I’m not here to tell you that the Prius has amazing throttle response, or knife-edge handling, or sparking steering that speaks to you while carving your favorite mountain pass. I’m not here to say that the Prius puts you back in your seat (even though the new one does make 220 horsepower). But I’m here to say that, like it or not, the Prius has become an enthusiast vehicle. You only have to look at its declining sales to know what I mean.
I also don’t want to say that the Prius sucks to drive. I’ve logged thousands of miles on a few different Pre’s, and many of them with a wry smile on my face, absolutely dropping the car down some country two-lane. The Prius is fun to drive in spite of itself. You know there is no power. You know there is no hope that the engine will do anything at any given time. Even if you nailed the perfect timing to lay on the throttle coming out of a hairpin turn, the CVT would turn the engine into a fuzzy car that wouldn’t go forward/split. So you slam your foot on the floor at the right moment to somewhere-ish and figure things out from there. It’s a different kind of driving than a Porsche, but it’s passionate driving nonetheless.
The new one, even, is strangely handsome. It has the fastest-looking windshield on sale, reclining and extending, turning the car into a flying egg. It is an efficient shape. For a while in the seventies, car designers thought all cars would have such aerodynamic wedges, and Lamborghini sold the world on the Countach and Ferrari 512BB. It wasn’t until the 1990s that sports cars started to get deliberately retro again, behind cars like the Porsche Boxster and Ferrari 550.
I’m getting off point. The Prius is not a driver’s car; It’s something different though, it’s a car that’s only bought by people who absolutely positively must have the most efficient, gas-sipping, eco-friendly car. A Prius buyer has enthusiasm, which is what we usually talk about when we power slide a Miata or see how late braking is in a Dodge Challenger.
Let me set a scene for you. It’s 2009. Half the people you know are laid off, gas prices are out of control, and you need a car that gets the best gas mileage you can. Let’s say 50 MPG. You can get a Honda insight, if you can live with only two seats. You can get a Jio Metro if you can live with spending a few thousand dollars on a used hatchback that cost a few hundred dollars a year ago. Or you get a Prius. The only thing around that is livable, practical, and fuel-efficient at the level we now associate with hybrids.
The scenario in 2022 is very different. If you want a simple car that gets hybrid-level mileage, the RAV4 Hybrid is sitting right in front of you at a Toyota dealership. Same goes for any dealership—if there’s a major automaker that doesn’t offer a hybrid crossover, I don’t know it, and neither does the American car-buying public. Hell, Jeep sells a plug-in hybrid Wrangler. The smallest Ford pickup starts as a hybrid, standard. Prius is not the car it used to be.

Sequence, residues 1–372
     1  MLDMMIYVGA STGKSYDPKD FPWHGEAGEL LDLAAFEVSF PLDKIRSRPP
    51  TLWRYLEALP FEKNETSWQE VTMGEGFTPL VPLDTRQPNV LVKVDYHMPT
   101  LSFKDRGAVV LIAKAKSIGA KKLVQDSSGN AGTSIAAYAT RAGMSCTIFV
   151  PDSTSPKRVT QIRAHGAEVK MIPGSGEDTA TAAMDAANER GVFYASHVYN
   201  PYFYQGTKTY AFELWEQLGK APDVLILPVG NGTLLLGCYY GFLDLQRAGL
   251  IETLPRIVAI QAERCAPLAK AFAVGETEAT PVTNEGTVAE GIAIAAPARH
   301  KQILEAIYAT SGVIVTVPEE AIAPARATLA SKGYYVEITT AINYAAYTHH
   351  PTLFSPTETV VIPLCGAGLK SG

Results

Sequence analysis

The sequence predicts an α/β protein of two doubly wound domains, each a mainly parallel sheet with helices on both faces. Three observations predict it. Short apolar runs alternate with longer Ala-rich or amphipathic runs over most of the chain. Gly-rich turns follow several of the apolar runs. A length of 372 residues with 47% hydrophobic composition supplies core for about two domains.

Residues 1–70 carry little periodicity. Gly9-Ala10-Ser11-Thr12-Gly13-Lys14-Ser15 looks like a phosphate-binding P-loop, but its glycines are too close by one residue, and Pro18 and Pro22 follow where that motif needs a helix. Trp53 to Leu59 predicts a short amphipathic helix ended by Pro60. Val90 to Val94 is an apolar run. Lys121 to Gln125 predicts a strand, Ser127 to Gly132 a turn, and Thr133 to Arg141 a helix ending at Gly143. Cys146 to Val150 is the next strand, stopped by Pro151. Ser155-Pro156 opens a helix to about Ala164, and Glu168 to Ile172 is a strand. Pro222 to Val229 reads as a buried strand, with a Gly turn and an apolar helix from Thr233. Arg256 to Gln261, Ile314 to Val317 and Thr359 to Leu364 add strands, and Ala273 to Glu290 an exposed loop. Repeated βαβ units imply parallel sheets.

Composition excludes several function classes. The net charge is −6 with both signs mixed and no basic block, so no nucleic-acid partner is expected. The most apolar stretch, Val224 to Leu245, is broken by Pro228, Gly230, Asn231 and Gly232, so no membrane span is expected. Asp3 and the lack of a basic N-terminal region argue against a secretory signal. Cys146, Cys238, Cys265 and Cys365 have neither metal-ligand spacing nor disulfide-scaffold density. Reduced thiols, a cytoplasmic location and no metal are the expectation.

Sales back that up. In 2012 and 2013 combined, Toyota sold nearly half a million Prius models ranging from the small C to the large V. Toyota moved half that number across ’08 and ’09 together, but those were recession years. Since ’13, however, Prius sales have declined, falling to 59,010 in 2021, a quarter off the one-year high of 2013, as noted by CarSalesBase.
It’s not just other hybrids that are pushing the Prius out of the minds of gas-conscious buyers. The Prius now competes in an all-electric market that is completely different from the world of the Oats or the early twenties. Tesla delivered 121,610 Model 3s to customers in 2021, as CarSalesBase catalogs. The Prius isn’t even the most quality-signalled eco car you can buy anymore. And EVs aren’t even that exotic-y. Volkswagen will sell you an ID.4, Ford will sell you a Mach-E.
So who are the last Americans buying a Prius? They are people who want a Prius. They want a car that gets great mileage no matter how they drive it, even though they know they can play with those stats if they hypermile it a bit. Letting off the gas on long descents, applying the throttle from a stoplight, teasing the car as far as possible before the gas engine kicks in. If you go by these sales figures alone, there are about 60,000 people who fit this mold anymore. Is it such a surprise? It is a five-door hatchback, after all! No one buys a five-door hatch! We now live in a crossover country. Toyota doesn’t even make the new generation model in silver, or slate blue like my parents’ car yellow Nobody sells yellow cars these days! It is not the seventies! Prius is weird. This is a car that is never bought by accident. A purchase is a choice.
If I needed a new car, I would make that choice too. A Prius is spacious, practical, quiet, and does everything I want from a car, as long as I don’t need to drive it off-road. I can sleep in it. I can throw a few bikes on it. A table, a few desks, some more boxes, cabinets, whatever I have to carry, a Prius swallows. It would even get 50-odd miles per gallon, no matter how hard I drove it.